Having gone through back surgery 26 years ago, Chris Bender wanted to address new back pain with more conservative approaches before considering surgery again.
“I know that things are a lot different now, with new minimally invasive techniques. But I still wanted to try more conservative treatments first to see if it could resolve the pain,” said Bender, who works as a nurse anesthetist.
After he had back surgery 26 years ago, Bender got along well until January or February of this year. “I noticed that I needed to begin taking Aleve more frequently. It progressed to daily, and it wasn’t working like it used to.”
By summer, things had ramped up to include not only back pain, but also numbness, tingling and weakness in his legs. He went to his family practitioner, Scott Dierks, MD, at Avera Medical Group McGreevy 69th and Western, who started him on medications. When the pain wasn’t resolved, Dierks referred Bender to Jose Santos, MD, Physical Medicine and Rehabilitation Specialist with the Avera Spine Center.
An MRI revealed a condition known as spinal stenosis in which degeneration and bone changes in the spine cause a narrowing of the nerve canal, compressing the nerves which send signals to leg muscles.
Physical therapy and medications have succeeded in delaying surgery and easing back pain. Yet the numbness, tingling and weakness in his legs are still there.
Most recently, Bender had electromyography (EMG), a test that measures the speed and strength of nerve signals between two points to pinpoint the source of nerve dysfunction. It will help his surgeon determine the location and extent of any surgical intervention that’s needed.
The Avera Spine Center has designed a step-by-step approach to neck and back pain to streamline care and improve outcomes.
This approach emphasizes conservative, non-surgical methods first, such as medication, physical therapy and altered activities. Surgery is considered if more conservative treatments are not effective.
Pain with limited mobility is the body’s way of shutting down injured areas of the spine to allow it to heal on its own. Addressing symptoms can help patients manage pain and regain mobility during that time of healing, and go on to experience recovery.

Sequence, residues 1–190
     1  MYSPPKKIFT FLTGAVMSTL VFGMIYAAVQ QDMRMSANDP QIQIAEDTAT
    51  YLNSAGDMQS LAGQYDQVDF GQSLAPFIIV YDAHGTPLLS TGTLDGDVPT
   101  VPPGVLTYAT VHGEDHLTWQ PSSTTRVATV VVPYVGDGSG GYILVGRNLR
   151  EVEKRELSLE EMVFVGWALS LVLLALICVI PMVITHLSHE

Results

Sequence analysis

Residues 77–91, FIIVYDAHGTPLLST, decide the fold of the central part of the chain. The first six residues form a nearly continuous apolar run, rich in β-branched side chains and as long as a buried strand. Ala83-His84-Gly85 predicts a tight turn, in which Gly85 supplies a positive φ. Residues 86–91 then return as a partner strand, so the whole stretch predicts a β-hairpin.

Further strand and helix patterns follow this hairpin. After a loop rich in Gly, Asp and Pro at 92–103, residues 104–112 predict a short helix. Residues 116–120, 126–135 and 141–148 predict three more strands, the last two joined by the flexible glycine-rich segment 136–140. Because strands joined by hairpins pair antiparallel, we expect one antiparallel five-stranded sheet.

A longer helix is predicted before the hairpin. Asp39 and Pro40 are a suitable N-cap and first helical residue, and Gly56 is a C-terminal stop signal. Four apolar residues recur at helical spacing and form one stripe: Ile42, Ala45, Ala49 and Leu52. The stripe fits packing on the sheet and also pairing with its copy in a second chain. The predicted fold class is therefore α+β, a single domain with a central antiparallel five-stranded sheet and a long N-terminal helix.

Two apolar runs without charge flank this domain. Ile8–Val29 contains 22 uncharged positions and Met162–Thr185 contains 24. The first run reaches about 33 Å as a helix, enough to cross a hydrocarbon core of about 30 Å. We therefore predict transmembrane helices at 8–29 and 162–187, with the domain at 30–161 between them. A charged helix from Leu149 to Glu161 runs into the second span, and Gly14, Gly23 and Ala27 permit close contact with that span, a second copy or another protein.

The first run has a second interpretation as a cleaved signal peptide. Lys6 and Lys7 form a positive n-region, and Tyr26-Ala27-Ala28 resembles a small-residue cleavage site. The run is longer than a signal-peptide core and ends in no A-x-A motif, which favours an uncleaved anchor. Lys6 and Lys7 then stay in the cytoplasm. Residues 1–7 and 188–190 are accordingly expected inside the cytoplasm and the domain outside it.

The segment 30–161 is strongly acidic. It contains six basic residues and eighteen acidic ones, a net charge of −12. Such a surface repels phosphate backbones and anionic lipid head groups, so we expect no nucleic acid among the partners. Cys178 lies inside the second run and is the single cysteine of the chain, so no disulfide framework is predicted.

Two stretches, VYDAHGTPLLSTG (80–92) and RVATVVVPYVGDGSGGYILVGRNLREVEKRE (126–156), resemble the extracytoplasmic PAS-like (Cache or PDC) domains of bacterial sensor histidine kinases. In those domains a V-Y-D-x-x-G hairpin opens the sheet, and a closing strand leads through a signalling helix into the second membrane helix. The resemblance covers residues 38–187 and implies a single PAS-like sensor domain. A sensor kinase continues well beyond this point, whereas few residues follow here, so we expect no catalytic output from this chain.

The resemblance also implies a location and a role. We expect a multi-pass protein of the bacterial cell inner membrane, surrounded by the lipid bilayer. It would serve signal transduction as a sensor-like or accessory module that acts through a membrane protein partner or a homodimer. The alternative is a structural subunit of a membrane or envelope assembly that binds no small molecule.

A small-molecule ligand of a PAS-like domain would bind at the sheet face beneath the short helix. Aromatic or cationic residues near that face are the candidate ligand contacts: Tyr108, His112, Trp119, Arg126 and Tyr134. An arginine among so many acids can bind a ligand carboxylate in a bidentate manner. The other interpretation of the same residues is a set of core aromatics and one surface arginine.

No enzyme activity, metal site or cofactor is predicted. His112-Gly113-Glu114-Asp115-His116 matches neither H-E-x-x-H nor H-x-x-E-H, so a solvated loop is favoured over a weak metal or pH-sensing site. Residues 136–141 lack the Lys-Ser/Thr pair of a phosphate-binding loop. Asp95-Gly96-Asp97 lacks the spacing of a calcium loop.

“Only 10 to 15 percent of neck and back pain patients require surgery. But when surgery is necessary, Avera offers the latest minimally invasive techniques so that patients can experience a fast recovery and get back to work and their daily activities,” said Henk Klopper, MD, Neurosurgeon with Avera Medical Group Neurosurgery.
Five Steps Toward Healing
When back or neck pain is severe or ongoing, it interrupts your life. The Avera Spine Center is designed to provide streamlined, patient-focused care through five steps toward healing:
Step 1: Call the spine navigator at 605-322-8805, who will visit with you to gather your health history and symptoms
Step 2: A physical medicine and rehabilitation physician will then discuss treatment options with you. Depending on your situation, this specialist may recommend physical therapy, medication, altered activities, injections, surgery or a combination of treatments.
Step 3: Nonsurgical methods, such as physical therapy or altered activities, are tried first to address symptoms and allow the body to heal.
Step 4: If nonsurgical methods aren’t effective, surgery is then considered. Five physicians at the Avera Spine Center perform a number of specialized surgeries to address back and neck problems.
Step 5: Before surgery, you will receive education about the surgical process from a community educator. Your recovery plan will include physical therapy, activity guidelines and any follow-up procedures.